Rise in Eating Disorder Hospitalization

eating disorderThe number of people with eating disorders admitted to a UK hospital has risen 16% in the past year. According to the latest Health and Social Care Information Centre report, this brings the yearly total to 2,290 hospital admissions.

While this past year saw a significant jump in the number of hospitalised eating disorder (EDs), the numbers have been growing for the past decade. Since 2002, hospitalization for EDs has gone up by nearly 50%.


HSCIC chief executive Tim Straughan said, “It might be assumed that a person suffering with an eating disorder is cared for in the community through primary services rather than in hospital; with activity in secondary care only part of a bigger picture.

However our figures do suggest that hospitals in England are admitting a greater number of eating disorder cases than in previous years.”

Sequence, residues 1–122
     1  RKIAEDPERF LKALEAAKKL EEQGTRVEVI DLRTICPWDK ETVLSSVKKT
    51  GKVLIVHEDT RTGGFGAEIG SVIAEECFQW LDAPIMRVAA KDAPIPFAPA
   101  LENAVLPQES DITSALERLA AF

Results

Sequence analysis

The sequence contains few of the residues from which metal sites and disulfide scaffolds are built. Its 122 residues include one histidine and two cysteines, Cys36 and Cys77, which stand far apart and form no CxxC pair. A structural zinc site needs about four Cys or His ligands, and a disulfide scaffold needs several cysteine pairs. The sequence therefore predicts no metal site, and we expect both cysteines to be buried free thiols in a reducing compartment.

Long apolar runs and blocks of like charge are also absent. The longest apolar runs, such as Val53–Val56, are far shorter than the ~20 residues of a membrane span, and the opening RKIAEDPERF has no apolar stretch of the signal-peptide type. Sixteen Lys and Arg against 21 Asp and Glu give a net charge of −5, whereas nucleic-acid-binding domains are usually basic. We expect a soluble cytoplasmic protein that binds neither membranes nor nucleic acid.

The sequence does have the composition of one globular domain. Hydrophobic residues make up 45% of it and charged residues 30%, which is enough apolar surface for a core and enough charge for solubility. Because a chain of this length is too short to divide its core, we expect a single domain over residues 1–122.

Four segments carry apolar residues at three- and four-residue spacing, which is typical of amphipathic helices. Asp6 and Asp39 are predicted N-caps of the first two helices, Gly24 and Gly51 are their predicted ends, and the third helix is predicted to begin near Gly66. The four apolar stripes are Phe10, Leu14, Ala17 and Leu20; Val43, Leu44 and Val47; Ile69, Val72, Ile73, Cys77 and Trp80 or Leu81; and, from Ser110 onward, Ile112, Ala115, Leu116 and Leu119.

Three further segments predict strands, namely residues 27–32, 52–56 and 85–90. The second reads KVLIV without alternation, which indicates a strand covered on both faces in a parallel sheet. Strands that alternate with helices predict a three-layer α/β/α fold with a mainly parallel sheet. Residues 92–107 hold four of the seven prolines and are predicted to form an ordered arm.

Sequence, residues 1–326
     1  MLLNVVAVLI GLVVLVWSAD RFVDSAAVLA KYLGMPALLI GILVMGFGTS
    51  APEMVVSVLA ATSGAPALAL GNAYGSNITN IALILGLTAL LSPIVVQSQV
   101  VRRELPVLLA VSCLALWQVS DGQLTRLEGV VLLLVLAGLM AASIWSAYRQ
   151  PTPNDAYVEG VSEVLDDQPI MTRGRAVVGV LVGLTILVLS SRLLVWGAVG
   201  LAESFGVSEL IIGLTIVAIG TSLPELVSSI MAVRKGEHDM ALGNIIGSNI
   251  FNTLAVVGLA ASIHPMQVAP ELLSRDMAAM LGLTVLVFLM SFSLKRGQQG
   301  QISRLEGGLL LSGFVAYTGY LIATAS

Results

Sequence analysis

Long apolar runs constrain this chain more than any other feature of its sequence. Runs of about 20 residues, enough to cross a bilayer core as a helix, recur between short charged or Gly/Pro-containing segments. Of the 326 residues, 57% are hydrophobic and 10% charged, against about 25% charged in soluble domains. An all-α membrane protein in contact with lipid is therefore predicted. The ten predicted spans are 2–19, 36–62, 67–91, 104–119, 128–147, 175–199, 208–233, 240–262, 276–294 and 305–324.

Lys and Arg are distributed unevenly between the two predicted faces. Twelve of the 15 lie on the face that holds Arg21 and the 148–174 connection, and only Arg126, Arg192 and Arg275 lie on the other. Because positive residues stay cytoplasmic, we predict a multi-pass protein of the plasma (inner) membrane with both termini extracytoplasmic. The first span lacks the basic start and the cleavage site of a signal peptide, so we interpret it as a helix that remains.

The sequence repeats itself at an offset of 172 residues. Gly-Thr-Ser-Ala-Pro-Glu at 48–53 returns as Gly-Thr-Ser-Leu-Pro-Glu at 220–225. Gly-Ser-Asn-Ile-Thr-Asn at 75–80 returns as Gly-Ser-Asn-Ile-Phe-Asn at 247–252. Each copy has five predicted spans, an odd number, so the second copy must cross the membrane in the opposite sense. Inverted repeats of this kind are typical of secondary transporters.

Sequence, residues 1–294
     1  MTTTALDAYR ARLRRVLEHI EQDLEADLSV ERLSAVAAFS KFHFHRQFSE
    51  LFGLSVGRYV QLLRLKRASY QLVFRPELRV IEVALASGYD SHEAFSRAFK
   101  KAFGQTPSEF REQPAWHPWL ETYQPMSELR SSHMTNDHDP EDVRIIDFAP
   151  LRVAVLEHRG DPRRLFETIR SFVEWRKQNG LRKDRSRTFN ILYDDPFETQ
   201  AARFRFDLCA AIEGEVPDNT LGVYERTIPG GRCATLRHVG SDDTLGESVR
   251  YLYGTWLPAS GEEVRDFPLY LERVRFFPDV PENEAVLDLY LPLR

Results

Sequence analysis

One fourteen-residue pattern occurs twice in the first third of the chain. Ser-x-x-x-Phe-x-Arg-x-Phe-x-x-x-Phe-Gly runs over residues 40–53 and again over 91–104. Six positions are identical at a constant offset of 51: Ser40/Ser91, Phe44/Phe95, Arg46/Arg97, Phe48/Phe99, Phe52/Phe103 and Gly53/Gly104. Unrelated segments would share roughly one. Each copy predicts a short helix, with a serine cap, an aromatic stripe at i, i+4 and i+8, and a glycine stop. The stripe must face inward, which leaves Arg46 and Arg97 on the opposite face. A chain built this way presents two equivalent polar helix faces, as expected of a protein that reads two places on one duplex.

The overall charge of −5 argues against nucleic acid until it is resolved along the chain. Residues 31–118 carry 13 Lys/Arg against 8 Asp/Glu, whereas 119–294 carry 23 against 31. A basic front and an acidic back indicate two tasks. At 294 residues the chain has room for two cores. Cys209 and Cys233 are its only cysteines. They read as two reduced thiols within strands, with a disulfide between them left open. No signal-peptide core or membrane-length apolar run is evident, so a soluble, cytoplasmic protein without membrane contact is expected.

This indicates a lack of available help for people suffering with an ED. If they are caught early, eating disorders do not require hospitalization. It is only when a person is suffering severe malnutrition or at a truly unsafe weight that they require a stay at their local hospital.

Once a person has reached the point of needing hospitalization, their eating disorder is often deeply engrained in their mind and lifestyle. This makes treating the ED more expensive and prolongs treatment.
The report found that women accounted for 91% of all the eating disorder admissions. This has risen from 88% last year.

Most people admitted with an eating disorder were also quite young. According to the report, more than 50% of those admitted for eating disorders are between 10 and 19. Some were as young as 5 and there were even people over 60 struggling with an ED.

According to the eating disorder charity B-eat, there are around 1.6 million people worldwide living with an eating disorder. If these disorders are treated early, the outcome is usually very good but left untreated, EDs fester.

After 20 years of living with an eating disorder, sufferers have a 20% chance of suicide or starvation. The longer these diseases go untreated, the more life threatening and damaging they become. This makes early detection and prevention essential.

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